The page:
APIs, SDKs, and Services > XML-JSON for Process Central > Debugging Request Forms With debug=true QueryString

Debugging Request Forms With debug=true QueryString

At some point during development, you may need to debug Process Central forms and scripts. To begin debugging, Process Central must:
  1. 1. Switch off the Form Cache: Process Central caches forms downloaded from the Process Server catalog. When a form (HTML, script or both) is updated and deployed to the catalog, you will need to logout and login again so that Central will clears its cache and downloads the latest version of the HTML form (instead of using an older version). Switching off the cache forces Process Central to bypass the cache.
  2. 2. Split Form HTML and Scripts: A Process Central form consists of HTML content inlined with JavaScript code. When the form is loaded into the browser, it is not easy to debug (for example, you cannot set breakpoints in the code) the JavaScript since the code is run in anonymous eval() functions and is not visible (or easy to find). To work around this issue, the browser must load the JavaScript (that is embedded in the form) as a separate resource (file).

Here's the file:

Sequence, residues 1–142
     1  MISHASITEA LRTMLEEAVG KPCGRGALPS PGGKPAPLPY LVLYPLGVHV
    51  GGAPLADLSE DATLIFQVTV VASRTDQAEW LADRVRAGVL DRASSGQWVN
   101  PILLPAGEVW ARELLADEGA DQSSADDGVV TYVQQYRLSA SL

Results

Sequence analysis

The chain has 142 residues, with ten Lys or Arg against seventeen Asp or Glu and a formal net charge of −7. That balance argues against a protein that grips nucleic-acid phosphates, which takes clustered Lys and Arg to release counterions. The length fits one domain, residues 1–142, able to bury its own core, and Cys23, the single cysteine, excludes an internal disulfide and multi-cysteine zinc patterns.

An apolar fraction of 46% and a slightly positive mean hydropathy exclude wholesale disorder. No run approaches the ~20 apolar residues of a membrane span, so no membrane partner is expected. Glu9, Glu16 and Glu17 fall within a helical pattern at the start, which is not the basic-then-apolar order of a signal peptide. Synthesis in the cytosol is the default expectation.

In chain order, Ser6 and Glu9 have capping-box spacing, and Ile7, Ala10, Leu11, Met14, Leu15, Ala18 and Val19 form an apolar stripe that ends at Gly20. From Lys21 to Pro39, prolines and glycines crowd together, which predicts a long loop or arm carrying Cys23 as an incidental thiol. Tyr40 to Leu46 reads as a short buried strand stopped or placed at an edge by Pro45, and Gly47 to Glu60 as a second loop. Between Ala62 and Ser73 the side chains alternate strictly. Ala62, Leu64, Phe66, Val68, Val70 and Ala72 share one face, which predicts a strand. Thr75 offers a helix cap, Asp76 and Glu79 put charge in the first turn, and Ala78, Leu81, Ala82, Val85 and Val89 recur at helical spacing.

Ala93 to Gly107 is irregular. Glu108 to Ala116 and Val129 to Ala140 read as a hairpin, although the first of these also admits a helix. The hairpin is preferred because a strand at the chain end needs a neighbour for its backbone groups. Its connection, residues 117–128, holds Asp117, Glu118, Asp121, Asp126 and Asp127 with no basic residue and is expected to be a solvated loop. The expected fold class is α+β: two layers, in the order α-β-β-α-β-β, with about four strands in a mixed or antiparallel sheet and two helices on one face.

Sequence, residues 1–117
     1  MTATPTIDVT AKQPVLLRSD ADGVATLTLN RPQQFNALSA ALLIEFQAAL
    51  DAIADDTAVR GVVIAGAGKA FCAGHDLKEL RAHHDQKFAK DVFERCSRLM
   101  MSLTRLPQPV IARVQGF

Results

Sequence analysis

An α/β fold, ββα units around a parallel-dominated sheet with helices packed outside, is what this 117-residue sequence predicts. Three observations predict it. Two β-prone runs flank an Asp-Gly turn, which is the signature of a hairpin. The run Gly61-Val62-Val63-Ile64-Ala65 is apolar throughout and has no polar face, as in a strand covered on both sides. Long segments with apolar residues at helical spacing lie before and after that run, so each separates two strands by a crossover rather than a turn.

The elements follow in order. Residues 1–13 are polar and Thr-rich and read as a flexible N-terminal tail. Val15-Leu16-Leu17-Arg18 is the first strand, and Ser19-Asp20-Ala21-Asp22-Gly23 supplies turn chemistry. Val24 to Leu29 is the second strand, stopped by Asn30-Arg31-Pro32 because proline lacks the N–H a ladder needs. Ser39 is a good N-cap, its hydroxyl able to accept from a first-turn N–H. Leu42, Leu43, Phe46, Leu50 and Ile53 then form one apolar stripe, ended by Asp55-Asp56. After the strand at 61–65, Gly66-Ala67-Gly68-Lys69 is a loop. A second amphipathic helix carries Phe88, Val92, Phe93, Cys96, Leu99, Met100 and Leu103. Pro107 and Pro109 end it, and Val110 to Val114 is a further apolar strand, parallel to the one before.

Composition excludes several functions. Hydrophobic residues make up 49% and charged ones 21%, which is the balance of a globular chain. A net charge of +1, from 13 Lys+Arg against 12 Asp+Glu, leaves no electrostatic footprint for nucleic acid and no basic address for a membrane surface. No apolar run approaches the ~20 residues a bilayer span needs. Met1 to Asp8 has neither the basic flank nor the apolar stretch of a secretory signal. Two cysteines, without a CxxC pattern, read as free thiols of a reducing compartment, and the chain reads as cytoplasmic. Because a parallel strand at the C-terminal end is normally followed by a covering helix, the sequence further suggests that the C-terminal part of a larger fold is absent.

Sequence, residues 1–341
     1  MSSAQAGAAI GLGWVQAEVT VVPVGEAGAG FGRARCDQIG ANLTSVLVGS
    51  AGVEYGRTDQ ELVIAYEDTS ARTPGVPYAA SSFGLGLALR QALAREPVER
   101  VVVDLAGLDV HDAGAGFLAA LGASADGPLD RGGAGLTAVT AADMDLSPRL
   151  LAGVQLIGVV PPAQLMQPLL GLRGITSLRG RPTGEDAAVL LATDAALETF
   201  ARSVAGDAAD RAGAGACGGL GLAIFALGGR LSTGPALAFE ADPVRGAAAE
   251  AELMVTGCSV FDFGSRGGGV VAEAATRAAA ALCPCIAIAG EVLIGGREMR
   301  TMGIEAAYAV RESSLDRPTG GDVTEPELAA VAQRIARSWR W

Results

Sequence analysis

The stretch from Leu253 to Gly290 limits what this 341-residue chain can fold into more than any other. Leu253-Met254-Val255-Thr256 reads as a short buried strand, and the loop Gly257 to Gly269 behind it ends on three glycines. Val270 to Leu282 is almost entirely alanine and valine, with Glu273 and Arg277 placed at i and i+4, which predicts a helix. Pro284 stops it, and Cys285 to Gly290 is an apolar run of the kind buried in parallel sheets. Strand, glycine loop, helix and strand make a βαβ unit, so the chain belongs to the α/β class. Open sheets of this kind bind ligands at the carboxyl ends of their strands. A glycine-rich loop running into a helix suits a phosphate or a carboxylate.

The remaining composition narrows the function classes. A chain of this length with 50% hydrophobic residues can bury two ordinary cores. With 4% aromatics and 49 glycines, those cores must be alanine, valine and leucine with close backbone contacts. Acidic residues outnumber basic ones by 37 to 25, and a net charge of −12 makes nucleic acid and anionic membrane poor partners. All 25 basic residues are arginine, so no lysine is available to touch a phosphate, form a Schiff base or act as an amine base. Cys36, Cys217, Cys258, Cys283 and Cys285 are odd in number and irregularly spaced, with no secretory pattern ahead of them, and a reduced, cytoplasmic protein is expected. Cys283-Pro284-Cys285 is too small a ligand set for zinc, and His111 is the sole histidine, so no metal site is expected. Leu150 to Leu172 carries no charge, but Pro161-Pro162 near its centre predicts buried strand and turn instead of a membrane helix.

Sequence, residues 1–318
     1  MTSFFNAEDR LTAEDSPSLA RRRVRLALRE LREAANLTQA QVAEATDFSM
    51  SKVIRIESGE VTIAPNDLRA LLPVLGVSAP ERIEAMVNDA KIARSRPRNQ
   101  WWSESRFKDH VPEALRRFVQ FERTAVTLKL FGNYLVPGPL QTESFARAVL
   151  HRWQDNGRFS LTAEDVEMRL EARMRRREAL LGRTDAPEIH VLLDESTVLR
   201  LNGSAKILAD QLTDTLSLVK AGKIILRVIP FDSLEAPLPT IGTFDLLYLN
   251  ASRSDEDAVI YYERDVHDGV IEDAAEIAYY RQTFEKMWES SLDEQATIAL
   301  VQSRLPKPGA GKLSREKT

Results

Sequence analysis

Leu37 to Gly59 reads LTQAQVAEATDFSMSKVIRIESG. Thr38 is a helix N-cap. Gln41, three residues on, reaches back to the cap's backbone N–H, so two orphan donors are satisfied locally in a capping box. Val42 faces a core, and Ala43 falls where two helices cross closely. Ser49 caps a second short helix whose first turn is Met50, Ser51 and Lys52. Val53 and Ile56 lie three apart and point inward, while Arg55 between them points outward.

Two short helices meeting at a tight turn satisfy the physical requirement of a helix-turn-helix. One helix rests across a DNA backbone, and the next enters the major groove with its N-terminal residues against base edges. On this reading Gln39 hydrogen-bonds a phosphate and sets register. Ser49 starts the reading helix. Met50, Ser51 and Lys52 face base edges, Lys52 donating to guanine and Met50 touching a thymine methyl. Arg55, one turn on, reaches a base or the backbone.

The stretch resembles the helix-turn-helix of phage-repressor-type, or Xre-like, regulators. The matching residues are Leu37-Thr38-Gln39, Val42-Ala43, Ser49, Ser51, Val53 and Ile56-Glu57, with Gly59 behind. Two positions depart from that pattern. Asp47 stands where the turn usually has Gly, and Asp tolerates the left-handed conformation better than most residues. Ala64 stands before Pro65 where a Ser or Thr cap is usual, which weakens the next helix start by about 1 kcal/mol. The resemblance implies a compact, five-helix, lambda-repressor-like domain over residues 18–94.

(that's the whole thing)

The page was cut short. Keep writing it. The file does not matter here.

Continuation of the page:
You can do this if you load the Process Central page with debug=true in the query-string (for example, http://localhost:8080/activevos-central/avc/avc.jsp?debug=true). When the page is loaded with debug=true, Process Central by-passes the forms cache and downloads HTML forms from Process Server for every single request (that is, it always fetches the latest copy). It also serves the JavaScript embedded in form as a separate resource to the browser. Making available the inline JavaScript as a separate resource lets you set break points in your code using a script debugger such as FireBug (for FireFox), Developer Script Console (for Chrome), or Developer Tools (for Internet Explorer 8).
The scripts in FireBug JavaScript debugger are available for debugging using the Script tab. The following figure shows a Request form named applyForLoan_avc_req1 (which is a runtime name; the actual name in the HTML is applyForLoan$ID) listed in FireBug's script menu. If you do not see the script associated with a specific form, press the up and down arrow keys (on the FireBug UI) to scroll through the list of available scripts.
If you see too many scripts, (for example, eval() functions), narrow down the list of scripts that is displayed to 'static' files. This option is available in the left drop down menu in FireBug:
Finally, the following FireBug figure is at a break point in the loan application form JavaScript code.